Look through a microscope at the sperm of two healthy men – one older, one younger — and you won’t be able to tell much of a difference.
Dive deeper to the genetic level, though, and you may well see worlds of discrepancies. Some potentially alarming. And not just because microscope technology has improved.
All the way back in the 1930s, pioneering geneticist J. B. S. Haldane observed a strange pattern among families with lengthy histories of hemophilia: The gene responsible for the condition tended to come from the X, or male, chromosome. While he couldn’t prove it at the time, Haldane theorized that fathers passed on more mutations to their children than their mothers did.
By 2012, scientific evidence published in the journal Nature backed up Haldane’s hunch. What’s more, the study, based on dozens of Icelandic families, confirmed that the age at which a man fathers children is a deciding factor in the number of mutations his children inherit.
In other words, while it may feel that parts of you are getting better with age, the genes you pass along to your heirs might not be.
In fact, the study’s lead author, Kári Stefánsson, chief executive of deCODE Genetics in Reykjavik, “The more mutations we pass on, the more likely that one of them is going to be deleterious,” or capable of causing damage.
While it is true that some genetic mutations are harmless and even necessary for the evolution of the human species, it’s the damaging ones that Stefánsson referred to – those that could cause autism or schizophrenia, for instance — that understandably worry couples wanting to start a family.
At the time of the 2012 study’s release, Allan Pacey, then-chairman of the British Fertility Society and professor of andrology at Sheffield University, wrote in the Guardian, “This is the first study to firmly establish that random mutations across the genome rise significantly as men age….We can only issue seemingly obvious advice that becoming a father under the age of 40 is probably better for the health of your children than waiting until you are older.”
Unless, of course, waiting until you are older is a real option. More on that in a bit.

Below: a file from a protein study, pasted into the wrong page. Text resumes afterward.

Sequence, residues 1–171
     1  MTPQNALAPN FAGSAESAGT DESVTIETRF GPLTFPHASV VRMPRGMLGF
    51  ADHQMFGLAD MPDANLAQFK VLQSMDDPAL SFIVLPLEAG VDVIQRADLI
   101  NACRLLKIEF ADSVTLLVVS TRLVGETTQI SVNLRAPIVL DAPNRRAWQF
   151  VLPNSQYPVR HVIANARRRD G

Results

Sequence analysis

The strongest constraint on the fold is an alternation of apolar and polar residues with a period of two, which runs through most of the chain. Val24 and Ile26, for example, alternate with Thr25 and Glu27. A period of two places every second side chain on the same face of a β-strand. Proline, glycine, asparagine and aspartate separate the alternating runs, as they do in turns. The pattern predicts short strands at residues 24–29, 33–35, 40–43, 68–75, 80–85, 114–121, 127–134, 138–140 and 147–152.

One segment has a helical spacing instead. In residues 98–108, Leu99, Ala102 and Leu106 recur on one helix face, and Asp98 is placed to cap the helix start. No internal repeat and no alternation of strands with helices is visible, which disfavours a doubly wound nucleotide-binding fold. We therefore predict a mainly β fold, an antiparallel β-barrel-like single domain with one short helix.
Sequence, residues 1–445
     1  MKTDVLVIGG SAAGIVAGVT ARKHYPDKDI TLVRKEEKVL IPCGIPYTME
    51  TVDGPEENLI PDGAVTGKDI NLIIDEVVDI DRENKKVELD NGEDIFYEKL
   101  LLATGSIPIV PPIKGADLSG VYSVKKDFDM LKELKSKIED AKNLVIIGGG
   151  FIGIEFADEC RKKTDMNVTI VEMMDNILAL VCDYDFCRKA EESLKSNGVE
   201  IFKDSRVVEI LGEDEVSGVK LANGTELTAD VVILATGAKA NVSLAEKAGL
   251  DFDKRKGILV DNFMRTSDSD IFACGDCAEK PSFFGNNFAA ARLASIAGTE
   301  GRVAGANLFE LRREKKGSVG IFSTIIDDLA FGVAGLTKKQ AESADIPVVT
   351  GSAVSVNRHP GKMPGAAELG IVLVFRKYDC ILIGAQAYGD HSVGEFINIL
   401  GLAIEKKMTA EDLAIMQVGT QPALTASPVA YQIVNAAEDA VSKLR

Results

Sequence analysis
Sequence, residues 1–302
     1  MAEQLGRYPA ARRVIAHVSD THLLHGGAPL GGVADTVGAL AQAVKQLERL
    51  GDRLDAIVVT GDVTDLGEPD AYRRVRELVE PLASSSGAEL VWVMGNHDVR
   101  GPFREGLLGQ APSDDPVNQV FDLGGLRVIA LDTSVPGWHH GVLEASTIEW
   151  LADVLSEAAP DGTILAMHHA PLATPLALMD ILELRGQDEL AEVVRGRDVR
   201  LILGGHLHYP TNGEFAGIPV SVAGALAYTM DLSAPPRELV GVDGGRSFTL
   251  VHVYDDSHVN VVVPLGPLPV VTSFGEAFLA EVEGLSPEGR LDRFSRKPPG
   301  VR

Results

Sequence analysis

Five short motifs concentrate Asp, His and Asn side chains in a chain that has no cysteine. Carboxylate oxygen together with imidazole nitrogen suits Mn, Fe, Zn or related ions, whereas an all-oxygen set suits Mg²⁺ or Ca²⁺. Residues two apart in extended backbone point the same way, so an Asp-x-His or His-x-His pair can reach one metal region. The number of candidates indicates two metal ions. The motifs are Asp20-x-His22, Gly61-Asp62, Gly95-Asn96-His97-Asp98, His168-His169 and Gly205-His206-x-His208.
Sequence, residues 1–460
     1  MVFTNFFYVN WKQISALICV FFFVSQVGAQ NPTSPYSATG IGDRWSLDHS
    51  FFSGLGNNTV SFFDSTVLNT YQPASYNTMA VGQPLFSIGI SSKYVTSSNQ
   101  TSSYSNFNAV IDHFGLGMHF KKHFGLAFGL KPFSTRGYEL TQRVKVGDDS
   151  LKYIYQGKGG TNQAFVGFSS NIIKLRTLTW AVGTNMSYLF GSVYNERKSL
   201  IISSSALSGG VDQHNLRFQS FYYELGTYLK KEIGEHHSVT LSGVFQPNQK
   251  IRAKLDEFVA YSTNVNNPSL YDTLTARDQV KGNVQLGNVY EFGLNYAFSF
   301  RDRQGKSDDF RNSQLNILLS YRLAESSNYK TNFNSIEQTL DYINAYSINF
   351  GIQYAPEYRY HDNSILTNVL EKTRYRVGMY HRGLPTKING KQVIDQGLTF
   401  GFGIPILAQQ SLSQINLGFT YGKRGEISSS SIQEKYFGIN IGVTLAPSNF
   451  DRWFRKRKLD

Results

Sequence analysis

Stefánsson updated his study in 2017 to include a significantly larger number of subjects, — 14,000 Icelanders in all, including 1500 groups of parents and children. He and his team determined that men transmitted one genetic mutation for every eight months of age, while the rate for women was for every three years of age. And while he pointed out the benefits of some mutations, he nevertheless stated that “they are also believed to be responsible for the majority of cases of rare diseases of childhood.”
Moreover, he was quoted by Scientific American as saying, “The majority of the contribution still comes from the father, particularly when the father is in an older age range.” SA went on to note that, while the risk is still small, “a 45-year-old mother and father are 5 to 10 percent more likely to have a child with autism than are a 20-year-old mother and father. “
Stefánsson’s findings theoretically translate into approximately 15 new genetic mutations for a 35-year-old mother to pass along to a child, compared to 53 for a man of the same age.
It’s important to note that no one – not the researchers nor anyone commenting on the findings — wants in any way to cast blame toward either gender as causing diseases or disorders due to genetic defects.
But the fact remains that advances in research point to some concerning trends which could help men and women make healthier choices for themselves and for their families. And those discoveries can also help scientists possibly prevent and even treat problems beforehand at the genetic level, though that’s understood to be achievable some ways down the road.
For now, though, the latest research suggests that the earlier some choices can be made – such as whether to preserve and freeze sperm and eggs for future viable use through cryogenic preservation — the greater the benefit.
And it doesn’t take arriving at middle age to acquire that wisdom.
Indeed, Professor Pacey recently confirmed to the Guardian that researchers have long known that the risk of conceiving children with medical conditions caused by genetic defects ramps up as a father ages. It’s precisely because of that, he said, that the recommended maximum age for sperm donors in the United Kingdom has been set at 40 years of age.
“Put simply,” he concluded, “the genetic quality of sperm from younger men, in terms of new mutations, is generally much better than that of older men.”